SABC board rocked by resignation

 The new SABC board has hit its first crisis, with the sudden resignation this morning of one of its members, Rachel Kalidass.

Kalidass, a chartered accountant nominated for the board by all political parties, has released an explosive letter to President Jacob Zuma explaining why she has taken the decision.

Controversial CEO candidate

Her main concern, according to her letter, is the board’s preferred candidates for the SABC’s Group Chief Executive Officer (GCEO) and Chief Operating Officer (COO) positions.

In a separate development, the spokesperson for the Democratic Alliance (DA) Phumzile van Damme has named the GCEO candidate who has caused the trouble as Alan Mukoki, former chief executive of the Land Bank and current chief executive of the South African Chamber of Commerce and Industry (Sacci).

“After receiving the handover report presented by the interim board, the new board interviewed the proposed GCEO and COO candidates at the offices of the recruitment agency, Talent Africa, on the evening of October 31,” writes Kalidass, adding that “these were the first choice candidates previously submitted to former Minister Ayanda Dlodlo but not finalised upon completion of the interim board’s term.”

She says she objected to the choice of Mukoki at once: “Despite the GCEO candidate having allegations of fraud and corruption levelled against him during his previous employment, as well as a conflict of interest with a significant SABC content service provider, the majority of board members were in favour of having him appointed as the SABC GCEO. I specifically requested for my dissenting view to be recorded, which was received with great hostility by some of the board members present.”

Mukoki was the subject of an Amabhungane investigation in the Mail & Guardian into businessman Roux Shabangu in 2011. The report dealt with “plundering and mismanagement of the Land Bank between 2006 and 2008” and in particular almost R1 billion worth of allegedly dodgy loans made under Mukoki’s watch. Mukoki’s complaint to the Press Ombud about the story was dismissed.

With regards to the conflict of interest raised by Kalidass, Mukoki is married to award-winning businesswoman Johanna Mukoki (nee Makgalemele), sister of Basetsana Kumalo. Both sisters have produced television for the SABC, with Basetsana’s successful company Tswelopele Productions still providing core content, such as Top Billing, to the SABC.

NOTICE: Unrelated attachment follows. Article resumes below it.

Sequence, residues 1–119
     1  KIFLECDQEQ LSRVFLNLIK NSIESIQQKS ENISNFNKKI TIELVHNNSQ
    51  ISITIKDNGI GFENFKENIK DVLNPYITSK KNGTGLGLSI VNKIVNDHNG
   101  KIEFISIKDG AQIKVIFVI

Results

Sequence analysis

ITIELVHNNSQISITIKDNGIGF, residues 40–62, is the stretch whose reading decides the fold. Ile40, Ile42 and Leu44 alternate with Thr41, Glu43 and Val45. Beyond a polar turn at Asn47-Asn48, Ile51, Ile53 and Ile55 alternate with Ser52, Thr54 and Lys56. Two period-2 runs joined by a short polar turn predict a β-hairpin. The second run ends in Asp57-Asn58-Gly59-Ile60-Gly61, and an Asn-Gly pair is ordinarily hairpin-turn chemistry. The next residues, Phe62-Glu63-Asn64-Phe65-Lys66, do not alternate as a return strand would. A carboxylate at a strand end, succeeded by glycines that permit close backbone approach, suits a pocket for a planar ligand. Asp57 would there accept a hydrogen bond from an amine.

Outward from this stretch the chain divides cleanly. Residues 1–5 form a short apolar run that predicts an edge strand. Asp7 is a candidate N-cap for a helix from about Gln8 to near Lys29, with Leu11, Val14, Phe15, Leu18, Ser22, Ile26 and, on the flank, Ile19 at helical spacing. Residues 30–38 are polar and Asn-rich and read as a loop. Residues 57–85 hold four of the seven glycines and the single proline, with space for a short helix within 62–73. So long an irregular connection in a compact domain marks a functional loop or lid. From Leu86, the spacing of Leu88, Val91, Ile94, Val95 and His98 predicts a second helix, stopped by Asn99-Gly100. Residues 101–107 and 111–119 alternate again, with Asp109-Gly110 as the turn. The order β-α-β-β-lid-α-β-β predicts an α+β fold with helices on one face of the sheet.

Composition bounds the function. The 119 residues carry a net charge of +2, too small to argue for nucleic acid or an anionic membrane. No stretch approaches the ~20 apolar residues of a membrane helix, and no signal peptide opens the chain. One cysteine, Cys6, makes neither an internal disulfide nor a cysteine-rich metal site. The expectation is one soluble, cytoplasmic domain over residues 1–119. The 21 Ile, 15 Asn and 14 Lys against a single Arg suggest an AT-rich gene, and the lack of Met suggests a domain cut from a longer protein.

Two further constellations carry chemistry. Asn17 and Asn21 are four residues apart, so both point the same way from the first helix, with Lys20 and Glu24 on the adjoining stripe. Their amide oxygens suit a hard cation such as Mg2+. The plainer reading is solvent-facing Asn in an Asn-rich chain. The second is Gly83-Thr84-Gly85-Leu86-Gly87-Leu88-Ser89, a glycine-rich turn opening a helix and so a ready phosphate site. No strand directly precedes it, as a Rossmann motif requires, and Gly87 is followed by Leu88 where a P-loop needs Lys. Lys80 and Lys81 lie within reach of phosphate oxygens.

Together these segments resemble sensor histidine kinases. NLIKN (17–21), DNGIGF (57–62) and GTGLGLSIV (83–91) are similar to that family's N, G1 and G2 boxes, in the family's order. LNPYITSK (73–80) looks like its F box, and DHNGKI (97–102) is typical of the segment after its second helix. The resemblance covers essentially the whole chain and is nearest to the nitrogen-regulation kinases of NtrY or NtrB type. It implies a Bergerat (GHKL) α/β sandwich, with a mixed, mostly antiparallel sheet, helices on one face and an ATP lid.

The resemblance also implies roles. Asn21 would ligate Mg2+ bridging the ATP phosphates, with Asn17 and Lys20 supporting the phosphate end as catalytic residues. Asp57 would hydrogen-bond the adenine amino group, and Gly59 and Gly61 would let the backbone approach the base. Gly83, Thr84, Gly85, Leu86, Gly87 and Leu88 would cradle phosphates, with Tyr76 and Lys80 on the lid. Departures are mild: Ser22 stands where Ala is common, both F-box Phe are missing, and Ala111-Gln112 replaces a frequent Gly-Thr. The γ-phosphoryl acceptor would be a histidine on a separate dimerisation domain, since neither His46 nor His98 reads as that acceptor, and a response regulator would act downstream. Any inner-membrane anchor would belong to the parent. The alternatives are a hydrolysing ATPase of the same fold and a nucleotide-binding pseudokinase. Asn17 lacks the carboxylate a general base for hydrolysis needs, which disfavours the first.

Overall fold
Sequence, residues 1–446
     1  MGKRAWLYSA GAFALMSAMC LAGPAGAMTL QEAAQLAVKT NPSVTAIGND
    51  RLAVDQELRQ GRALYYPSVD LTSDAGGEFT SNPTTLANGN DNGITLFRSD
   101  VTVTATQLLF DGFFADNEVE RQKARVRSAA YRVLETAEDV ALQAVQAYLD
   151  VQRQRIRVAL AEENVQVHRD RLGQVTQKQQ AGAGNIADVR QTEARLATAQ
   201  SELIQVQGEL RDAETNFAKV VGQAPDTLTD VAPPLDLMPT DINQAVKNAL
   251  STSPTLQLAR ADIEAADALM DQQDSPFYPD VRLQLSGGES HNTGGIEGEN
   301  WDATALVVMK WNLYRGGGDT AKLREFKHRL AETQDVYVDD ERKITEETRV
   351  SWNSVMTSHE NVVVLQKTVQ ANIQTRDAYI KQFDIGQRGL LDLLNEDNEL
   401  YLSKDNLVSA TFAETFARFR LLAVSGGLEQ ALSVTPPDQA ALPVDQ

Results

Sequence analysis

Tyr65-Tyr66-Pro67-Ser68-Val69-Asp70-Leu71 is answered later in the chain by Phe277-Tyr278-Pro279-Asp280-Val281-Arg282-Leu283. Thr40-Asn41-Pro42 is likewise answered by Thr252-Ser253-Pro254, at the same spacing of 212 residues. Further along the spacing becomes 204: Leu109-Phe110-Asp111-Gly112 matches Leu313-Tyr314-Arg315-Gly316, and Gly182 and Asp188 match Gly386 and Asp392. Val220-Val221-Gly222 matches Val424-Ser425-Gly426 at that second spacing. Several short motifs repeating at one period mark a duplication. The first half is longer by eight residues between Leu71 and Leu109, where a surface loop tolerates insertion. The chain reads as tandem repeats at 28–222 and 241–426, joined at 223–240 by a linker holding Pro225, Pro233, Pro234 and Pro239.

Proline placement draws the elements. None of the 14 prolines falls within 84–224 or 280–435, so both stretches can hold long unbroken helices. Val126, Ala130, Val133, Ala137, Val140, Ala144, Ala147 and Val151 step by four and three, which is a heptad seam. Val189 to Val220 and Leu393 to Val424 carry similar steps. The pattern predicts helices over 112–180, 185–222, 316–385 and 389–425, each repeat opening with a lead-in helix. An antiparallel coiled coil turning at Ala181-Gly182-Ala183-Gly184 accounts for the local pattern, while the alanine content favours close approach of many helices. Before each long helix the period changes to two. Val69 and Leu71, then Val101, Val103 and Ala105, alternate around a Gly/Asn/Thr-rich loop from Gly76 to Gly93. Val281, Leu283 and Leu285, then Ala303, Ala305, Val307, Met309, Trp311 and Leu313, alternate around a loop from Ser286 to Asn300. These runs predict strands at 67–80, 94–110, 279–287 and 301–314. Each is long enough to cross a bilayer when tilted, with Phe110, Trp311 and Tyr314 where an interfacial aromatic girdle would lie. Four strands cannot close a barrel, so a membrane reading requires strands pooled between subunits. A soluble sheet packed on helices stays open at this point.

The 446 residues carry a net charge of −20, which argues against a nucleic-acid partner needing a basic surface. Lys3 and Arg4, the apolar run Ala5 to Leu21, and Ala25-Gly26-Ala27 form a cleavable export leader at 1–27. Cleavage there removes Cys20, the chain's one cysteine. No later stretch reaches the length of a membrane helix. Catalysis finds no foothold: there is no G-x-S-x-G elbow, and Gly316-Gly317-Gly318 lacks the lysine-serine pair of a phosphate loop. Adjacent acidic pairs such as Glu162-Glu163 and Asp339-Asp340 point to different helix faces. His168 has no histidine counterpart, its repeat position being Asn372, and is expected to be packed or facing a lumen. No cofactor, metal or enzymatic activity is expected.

The DA has the following to say about Kalidass’ claims that Mukoki is being pushed by the board for the position: “While eminently qualified, Mukoki’s history in the public sector makes him an inappropriate choice. A 2007 Deloitte & Touche forensic audit commissioned by the then minister of agriculture, Lulama Xingwana found that Mukoki and his executives had without board approval, diverted almost R2 billion meant for emerging farmers towards projects that had nothing to do with agriculture, including luxury golf estates, a sugar mill, equestrian estates and residential developments. Some of the beneficiaries of irregular loans were Mukoki’s business associates; and high ranking ANC politicians and benefactors. Mukoki resigned and was given a R4.5 million golden handshake. A few months later the Land Bank was placed under administration and transferred to the National Treasury. The then finance minister, Pravin Gordhan described it as being ‘in ICU’. Given this history, it is absolutely unfathomable why anyone in their right mind would think Mukoki suitable to be the GCEO of the SABC.”

Mukoki responded to questions sent by City Press this morning with the following statement: “I cannot comment on the SABC as you know I am employed at Sacci. However, the general issues raised relating to the Land Bank have been in the public domain since 2007, and were dealt with and concluded in 2007 already.